Introduction



Azure originally provided only the classic deployment model. In this model, each resource existed independently; there was no way to group related resources together. In 2014, Azure introduced Resource Manager, which added the concept of a resource group. A resource group is a container for resources that share a common lifecycle. Virtual Machines that are created using ARM Templates can be monitored using PowerShell and status can be mailed to business users to monitor Azure VMs. It can happen that the Azure VMs are not shut down after use which can incur considerable costs for non-usage.

Currently there are 2 VMs in the subscription out of which one is stopped and another one is in running state. Let’s connect to Azure using PowerShell to retrieve the VM status.


Connect to Azure from PowerShell

PowerShell requires Azure PowerShell module to be installed in the machine so that we can connect to Azure using the ‘Login-azureRMAccount’ cmdlet. If the Azure module is not installed, we will get the below error message when we try to login to Azure.

We can download the Azure PowerShell module from here.Once downloaded, install Azure PowerShell.

 


Post installation of Azure PowerShell, we can connect to Azure using the below cmdlet :

Login-AzureRmAccount

Now we can specify the Azure Subscription credentials in the pop up authentication window to connect to Azure.

Thus, we have connected to the Azure and it returns the Azure Subscription details.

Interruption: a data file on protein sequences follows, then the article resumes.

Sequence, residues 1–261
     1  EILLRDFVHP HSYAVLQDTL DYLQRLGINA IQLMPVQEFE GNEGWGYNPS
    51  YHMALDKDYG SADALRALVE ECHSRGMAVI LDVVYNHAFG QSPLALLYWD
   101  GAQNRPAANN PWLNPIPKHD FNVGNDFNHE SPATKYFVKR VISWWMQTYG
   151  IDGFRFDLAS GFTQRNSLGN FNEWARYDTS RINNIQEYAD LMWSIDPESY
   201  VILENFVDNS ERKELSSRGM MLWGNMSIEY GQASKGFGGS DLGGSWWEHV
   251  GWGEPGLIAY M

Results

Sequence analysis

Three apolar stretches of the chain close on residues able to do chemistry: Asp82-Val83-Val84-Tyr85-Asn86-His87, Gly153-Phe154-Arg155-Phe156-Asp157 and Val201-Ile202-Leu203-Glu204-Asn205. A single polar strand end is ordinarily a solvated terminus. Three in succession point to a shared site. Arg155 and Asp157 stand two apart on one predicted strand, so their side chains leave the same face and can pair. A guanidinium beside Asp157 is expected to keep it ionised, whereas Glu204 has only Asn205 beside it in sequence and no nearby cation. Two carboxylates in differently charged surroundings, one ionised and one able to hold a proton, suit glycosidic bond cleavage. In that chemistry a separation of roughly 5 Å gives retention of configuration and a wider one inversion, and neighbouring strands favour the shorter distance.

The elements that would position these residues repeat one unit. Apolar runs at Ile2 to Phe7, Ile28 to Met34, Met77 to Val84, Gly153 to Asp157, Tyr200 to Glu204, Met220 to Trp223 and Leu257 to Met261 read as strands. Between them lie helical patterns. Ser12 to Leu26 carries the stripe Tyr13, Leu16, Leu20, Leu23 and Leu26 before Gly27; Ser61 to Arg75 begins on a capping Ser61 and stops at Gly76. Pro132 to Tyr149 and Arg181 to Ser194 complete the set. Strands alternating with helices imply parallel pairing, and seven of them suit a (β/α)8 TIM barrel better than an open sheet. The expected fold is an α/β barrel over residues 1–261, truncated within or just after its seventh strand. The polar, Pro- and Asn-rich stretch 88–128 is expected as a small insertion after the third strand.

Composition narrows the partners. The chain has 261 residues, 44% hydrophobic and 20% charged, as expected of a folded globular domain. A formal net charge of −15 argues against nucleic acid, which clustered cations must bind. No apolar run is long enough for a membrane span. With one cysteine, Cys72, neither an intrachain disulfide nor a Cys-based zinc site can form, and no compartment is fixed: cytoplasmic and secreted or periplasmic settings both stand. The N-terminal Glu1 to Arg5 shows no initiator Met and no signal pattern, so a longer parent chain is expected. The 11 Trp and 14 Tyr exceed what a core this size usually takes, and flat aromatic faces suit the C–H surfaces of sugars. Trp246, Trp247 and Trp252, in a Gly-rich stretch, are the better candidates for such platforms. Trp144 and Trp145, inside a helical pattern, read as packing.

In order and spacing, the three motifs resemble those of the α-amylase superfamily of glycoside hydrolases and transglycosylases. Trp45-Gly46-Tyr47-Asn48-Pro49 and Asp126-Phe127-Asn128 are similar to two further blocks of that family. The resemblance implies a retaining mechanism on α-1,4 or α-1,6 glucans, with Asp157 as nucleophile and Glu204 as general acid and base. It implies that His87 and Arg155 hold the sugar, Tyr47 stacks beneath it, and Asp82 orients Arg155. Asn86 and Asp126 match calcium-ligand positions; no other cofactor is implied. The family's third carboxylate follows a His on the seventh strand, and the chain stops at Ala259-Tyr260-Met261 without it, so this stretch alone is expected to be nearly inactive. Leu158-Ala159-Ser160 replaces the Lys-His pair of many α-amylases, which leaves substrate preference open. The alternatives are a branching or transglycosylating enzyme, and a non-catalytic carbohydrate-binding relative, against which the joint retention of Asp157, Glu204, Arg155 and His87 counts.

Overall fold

Retrieve Azure Resource Manager Virtual Machine Status

Resource Group acts as a container for the Azure resources. The Virtual Machines will be created within Resource groups. We will use the ‘Get-AzureRMResourceGroup’ cmdlet to get all the resource groups within the Azure Subscription. We will then iterate through the VM within each resource group to get the status of the VMs.

$ResourceGroupColl = Get-AzureRMResourceGroup
foreach($ResourceGroup in $ResourceGroupColl)
{
    $VirtualMachines = Get-AzureRmVM -ResourceGroupName $ResourceGroup.ResourceGroupName
    foreach($VirtualMachine in $VirtualMachines)
    {
        $VMInfo = Get-AzureRmVM -ResourceGroupName $ResourceGroup.ResourceGroupName -Name $VirtualMachine.Name -Status
        foreach ($Status in $VMInfo.Statuses)
        {                           
 
            if($Status.Code -like "PowerState/*")
            {
                $VMDetails = $Status.DisplayStatus
            }
        }
        $VMName = $VirtualMachine.Name 
                Write-Host "VM Name : $VMName    -----  $VMDetails "
 
        $Body = $Body + " <br /> VM Name : $VMName    -----  $VMDetails "
    }
}


Send Mail using PowerShell

Once the information is retrieved we can use the Gmail SMTP mail server to send the details to the business users as email. In order to send an E-mail from PowerShell, we will need to specify SMPTP Server. We will be using Gmail SMTP to relay the mails. We will have to fill out couple of parameters before triggering the ‘Send-MailMessage’ command, which will relay the email.

  • $SmtpServer = 'smtp.gmail.com' – This is the address of Gmail SMTP Server, which we will be using.
  • $SmtpUser = ‘kspriyaranjan@gmail.com’ – Specify your Gmail User ID.